A group of R. D. Parker Collegiate staff and students are hoping to create a high school city council and mayor that would act as a way for students to get involved in city government and a conduit for Thompson city council to hear student perspectives.
The idea was conceived by a Grade 12 philosophy class last year, said RDPC teacher Michael Thorbourne, who appeared before council at their Sept. 3 meeting.
“As our class was winding up, this group really got into the spirit of trying to effect change in a positive way in their community,” he said.
One of the projects they came up with was to apply for grants from RBC and the Thompson Community Foundation to put on youth camps next summer aimed at building positive relationships. Thorbourne said it is looking like that project will get a $15,000 grant.
“Part of their exam was to finish up this presentation for the RBC grant,” Thorbourne said.
The other idea was to establish a high school council and mayor and committees in areas of interest to students.
“Our mayor that oversees the committees could be the person that joined us on council and they would have a tap from their subcommittees that they’re meeting while in school,” Thorbourne said.
A local business has also offered to provide the student city council with some money to spend on student-driven projects in the city, he added.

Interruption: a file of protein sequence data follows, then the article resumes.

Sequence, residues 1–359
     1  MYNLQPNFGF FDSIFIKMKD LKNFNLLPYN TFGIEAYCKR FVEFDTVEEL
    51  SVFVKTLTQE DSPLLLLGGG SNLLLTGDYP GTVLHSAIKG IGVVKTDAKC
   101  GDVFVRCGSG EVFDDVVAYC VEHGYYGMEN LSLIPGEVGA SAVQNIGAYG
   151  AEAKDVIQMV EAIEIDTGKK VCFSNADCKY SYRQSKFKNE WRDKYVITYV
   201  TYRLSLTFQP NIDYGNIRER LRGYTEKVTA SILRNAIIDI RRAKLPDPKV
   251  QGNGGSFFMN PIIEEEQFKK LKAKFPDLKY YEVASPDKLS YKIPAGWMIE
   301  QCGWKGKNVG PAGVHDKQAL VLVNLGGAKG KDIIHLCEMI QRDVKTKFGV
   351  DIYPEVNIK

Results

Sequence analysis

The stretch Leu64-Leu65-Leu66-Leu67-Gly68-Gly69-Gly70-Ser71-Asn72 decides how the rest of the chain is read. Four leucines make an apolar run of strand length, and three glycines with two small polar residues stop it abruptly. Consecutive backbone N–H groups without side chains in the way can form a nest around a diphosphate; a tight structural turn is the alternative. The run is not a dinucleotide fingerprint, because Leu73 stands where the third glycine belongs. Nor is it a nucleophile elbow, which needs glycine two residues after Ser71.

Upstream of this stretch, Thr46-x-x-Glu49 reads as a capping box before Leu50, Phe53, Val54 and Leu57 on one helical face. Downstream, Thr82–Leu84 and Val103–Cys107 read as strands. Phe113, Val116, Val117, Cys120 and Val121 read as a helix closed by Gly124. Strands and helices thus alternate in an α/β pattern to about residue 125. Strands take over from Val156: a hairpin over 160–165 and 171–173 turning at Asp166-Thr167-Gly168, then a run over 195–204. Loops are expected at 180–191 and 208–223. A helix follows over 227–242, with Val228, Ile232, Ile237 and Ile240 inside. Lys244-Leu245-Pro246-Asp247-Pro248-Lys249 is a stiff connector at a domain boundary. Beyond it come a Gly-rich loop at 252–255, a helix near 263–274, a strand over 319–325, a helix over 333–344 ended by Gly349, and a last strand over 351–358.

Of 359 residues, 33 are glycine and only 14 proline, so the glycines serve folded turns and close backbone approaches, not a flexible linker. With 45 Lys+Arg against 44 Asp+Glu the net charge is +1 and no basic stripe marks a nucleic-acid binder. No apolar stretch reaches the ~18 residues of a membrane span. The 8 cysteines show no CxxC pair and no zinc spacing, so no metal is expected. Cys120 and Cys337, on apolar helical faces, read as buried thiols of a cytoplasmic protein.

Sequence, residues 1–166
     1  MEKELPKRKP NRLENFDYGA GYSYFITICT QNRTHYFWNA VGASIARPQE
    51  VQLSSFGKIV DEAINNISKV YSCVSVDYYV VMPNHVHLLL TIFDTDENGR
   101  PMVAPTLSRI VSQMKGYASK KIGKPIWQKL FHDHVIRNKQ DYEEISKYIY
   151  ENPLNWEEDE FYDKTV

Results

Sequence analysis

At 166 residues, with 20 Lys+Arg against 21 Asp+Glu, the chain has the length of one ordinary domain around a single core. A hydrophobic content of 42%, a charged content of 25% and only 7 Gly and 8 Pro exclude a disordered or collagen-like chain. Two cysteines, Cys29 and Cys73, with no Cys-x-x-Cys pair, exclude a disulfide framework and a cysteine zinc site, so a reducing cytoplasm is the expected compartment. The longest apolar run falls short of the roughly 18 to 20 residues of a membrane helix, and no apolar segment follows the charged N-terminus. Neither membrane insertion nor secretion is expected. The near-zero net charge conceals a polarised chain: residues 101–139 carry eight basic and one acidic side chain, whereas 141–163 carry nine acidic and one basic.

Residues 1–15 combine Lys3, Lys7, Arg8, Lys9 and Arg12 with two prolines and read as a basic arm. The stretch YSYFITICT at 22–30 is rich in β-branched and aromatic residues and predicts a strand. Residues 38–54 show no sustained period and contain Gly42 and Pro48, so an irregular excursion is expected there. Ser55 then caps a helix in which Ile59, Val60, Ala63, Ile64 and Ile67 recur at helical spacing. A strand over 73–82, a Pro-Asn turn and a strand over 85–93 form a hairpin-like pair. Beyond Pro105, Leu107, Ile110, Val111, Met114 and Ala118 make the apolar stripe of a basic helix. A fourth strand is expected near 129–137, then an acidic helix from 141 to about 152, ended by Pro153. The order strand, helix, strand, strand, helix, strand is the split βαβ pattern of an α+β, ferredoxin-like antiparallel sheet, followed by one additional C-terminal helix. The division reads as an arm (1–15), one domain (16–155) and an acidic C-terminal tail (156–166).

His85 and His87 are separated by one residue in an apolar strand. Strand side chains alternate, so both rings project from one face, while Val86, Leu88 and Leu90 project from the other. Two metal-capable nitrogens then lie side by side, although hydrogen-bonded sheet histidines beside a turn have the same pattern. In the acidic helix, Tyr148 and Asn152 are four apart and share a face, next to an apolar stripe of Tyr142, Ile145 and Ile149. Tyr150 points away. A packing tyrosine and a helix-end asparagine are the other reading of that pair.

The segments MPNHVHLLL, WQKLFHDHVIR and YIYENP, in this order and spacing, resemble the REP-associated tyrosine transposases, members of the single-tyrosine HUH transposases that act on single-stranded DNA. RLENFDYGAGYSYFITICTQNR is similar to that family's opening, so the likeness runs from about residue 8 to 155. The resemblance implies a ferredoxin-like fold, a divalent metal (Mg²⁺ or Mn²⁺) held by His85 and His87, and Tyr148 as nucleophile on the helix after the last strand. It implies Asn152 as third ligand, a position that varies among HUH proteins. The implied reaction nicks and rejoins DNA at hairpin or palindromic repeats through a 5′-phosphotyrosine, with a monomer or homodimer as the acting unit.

Councillors were supportive of the project.
“The Municipal Act gives us the ability to have a student member of actual council,” said Coun. Jeff Fountain. “That student doesn’t actually have voting power, however the student would sit in all conversations that council partakes in and I would certainly love to see one of the senior students come and sit here with us and see how interesting the discussions can be and how important it is to get involved.”
Coun. Les Ellsworth said that, as a retiree, he has lots of time to work with any standing committee or city administration to make the idea a reality.
Council had youth representatives during the 2010 to 2014 term, said Coun. Judy Kolada.
“This is quite common across Canada,” she said. “It’s something that we didn’t have last term but it worked great when we did have it and I would certainly encourage you to encourage the students who want to be involved.”
Mayor Colleen Smook said she’s had eight RDPC student interested in city issues approach her since she became mayor and that she appreciated student input on Thompson’s transit system and the pool planning committee.
“The more youth that we can have involved moving forward gets us 67-year-olds off the hook,” she said.
“I can’t see a way it would look bad in the news if we were the first municipality to fully incorporate something permanent with our students to let them have a voice in the city and take some ownership over their community and the issues that it’s facing,” said Thorbourne. “It’s good to have all the voices involved.”